Final action is scheduled at the October meeting of the North Pacific Fishery Management Council in Anchorage on options to allow larger freezer longliners to harvest Pacific cod in the Bering Sea and Aleutian Islands.
Kenny Down, executive director of the Freezer Longline Coalition in Seattle, said in an interview Sept. 17 that he is hopeful that one of these options will pass the council with little objection. “It is long overdue… for safety reasons alone,” said Down, noting that some of the 25 active vessels in the fleet started out as military vessels in World War Two.
Such rebuilding and construction of new vessels, which would be subject to the highest US Coast Guard safety standards, would likely begin in 2013 and most of the fleet would be replaced over the next 15 years, Down said.
While it would not likely be hard to get financing for new vessels, at an average cost of $20 million to $30 million, “we are racing against the clock, because right now interest rates are low, he said.
Vessels operated by members of the Freezer Longline Coalition are currently based in Kodiak and Petersburg, Alaska, as well as Seattle, and operate out of Dutch Harbor. Down said he wasn’t sure where new vessel construction would like take place, but said options include Ketchikan, Alaska; Seattle, Tacoma, Portland, and the Gulf Coast.
There are three alternatives before the council range for this fleet, also known as hook-and-line catcher processors, outlined in the council’s Sept. 7 analysis for a proposed amendment to the fishery management plan for the groundfish fishery in the Bering Sea and Aleutian Islands.
The council noted in the regulatory impact review/initial regulatory flexibility analysis that the goal is to change criteria to allow owners of Bering Sea and Aleutian Island vessels fishing for Pacific cod to replace or rebuild their vessels to a length greater than that specified under restrictions of the license limitation program and the American Fisheries Act.
Specifically, the council proposes to first adjust the maximum length overall specified on the license limitation program license assigned to these freezer longliners. Originally implemented in 2000, each license limitation program is endorsed for management areas, catcher vessel or catcher processor operations, and the Pacific cod fixed gear target fishery, and specifies a maximum amount overall for licensed vessels. Maximum length overall for the license was based on length of the vessel initially receiving the license.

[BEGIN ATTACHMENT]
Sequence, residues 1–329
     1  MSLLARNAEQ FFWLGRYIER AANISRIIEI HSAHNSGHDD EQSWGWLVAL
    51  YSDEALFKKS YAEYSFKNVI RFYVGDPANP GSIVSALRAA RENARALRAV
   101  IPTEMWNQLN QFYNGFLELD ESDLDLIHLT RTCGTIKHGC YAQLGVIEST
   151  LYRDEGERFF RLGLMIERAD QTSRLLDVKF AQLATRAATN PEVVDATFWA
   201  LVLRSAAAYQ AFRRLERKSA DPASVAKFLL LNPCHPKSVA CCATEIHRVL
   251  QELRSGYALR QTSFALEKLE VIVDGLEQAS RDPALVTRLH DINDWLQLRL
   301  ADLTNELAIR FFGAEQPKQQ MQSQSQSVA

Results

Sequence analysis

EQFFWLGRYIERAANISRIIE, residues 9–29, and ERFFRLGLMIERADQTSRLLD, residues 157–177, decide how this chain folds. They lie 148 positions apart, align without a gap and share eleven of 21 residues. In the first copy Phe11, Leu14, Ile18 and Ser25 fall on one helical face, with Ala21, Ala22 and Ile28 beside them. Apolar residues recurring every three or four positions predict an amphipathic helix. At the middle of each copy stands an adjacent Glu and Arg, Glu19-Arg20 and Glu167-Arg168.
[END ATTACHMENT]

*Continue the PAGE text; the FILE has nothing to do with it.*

The council also has proposed to allow freezer longline replacement vessels that exceed 165 feet in registered length or 750 gross registered tons, or with engines capable of producing more than 3,000 shaft horsepower, to enter the fishery.
Existing federal law currently limits such vessels from entering fisheries unless the vessel carried a fisheries endorsement prior to Sept. 25, 1997, or the council has recommended and the Secretary of Commerce has approved, a conservation and management measure to allow the vessel to be used in fisheries under its authority.
The council recognized in its problem statement on the freezer longliner issue that vessel length restrictions on limited liability program licenses limit the ability of owners to rebuild or replace their vessels with larger vessels. Providing this ability would allow for improved vessel safety, meet international class and loadline requirements that would allow a broader range of onboard processing options, and improve the economic efficiency of their vessels.
Alternative one is the status quo option. If approved, the BSAI Pacific cod hook and line catcher processor vessel length, horsepower and tonnage restrictions currently in place would continue to apply.
Details on these alternatives and other related issues are at www.fakr.noaa.gov/npfmc.
The Freezer Longline Coalition is a section 501(C)(3) non-profit corporation representing owners and operators of the vessels that participate in the freezer longline, or catcher processor hook-and-line sector of the Pacific cod fishery in federal waters of the Bering Sea, Aleutian Islands and the Gulf of Alaska.
The longline fishery is based in Alaska and Washington State, with freezer longline-caught Pacific cod marketed and sold in the Pacific Northwest. The coalition estimates that freezer longline-caught cod provides between $150 million and $200 million in annual export revenues to the nation. The fishery creates more than 1,200 full time jobs, has more than two dozen modern vessels with fish processing and freezing capabilities on board, and community businesses that repair vessels and sell supplies rely on this fishery to sustain jobs, the coalition notes on its website, http://freezerlongline.coalition.com.
The longline fishery is primarily a Pacific cod single-species directed fishery, and in fact over 90 percent of the longline fishery’s income derives from directed fishing for Pacific cod. The vessels participating in this fishery use specialized lines and individually baited hooks, as opposed to nets or pots, to catch fish.
Margaret Bauman can be reached at firstname.lastname@example.org.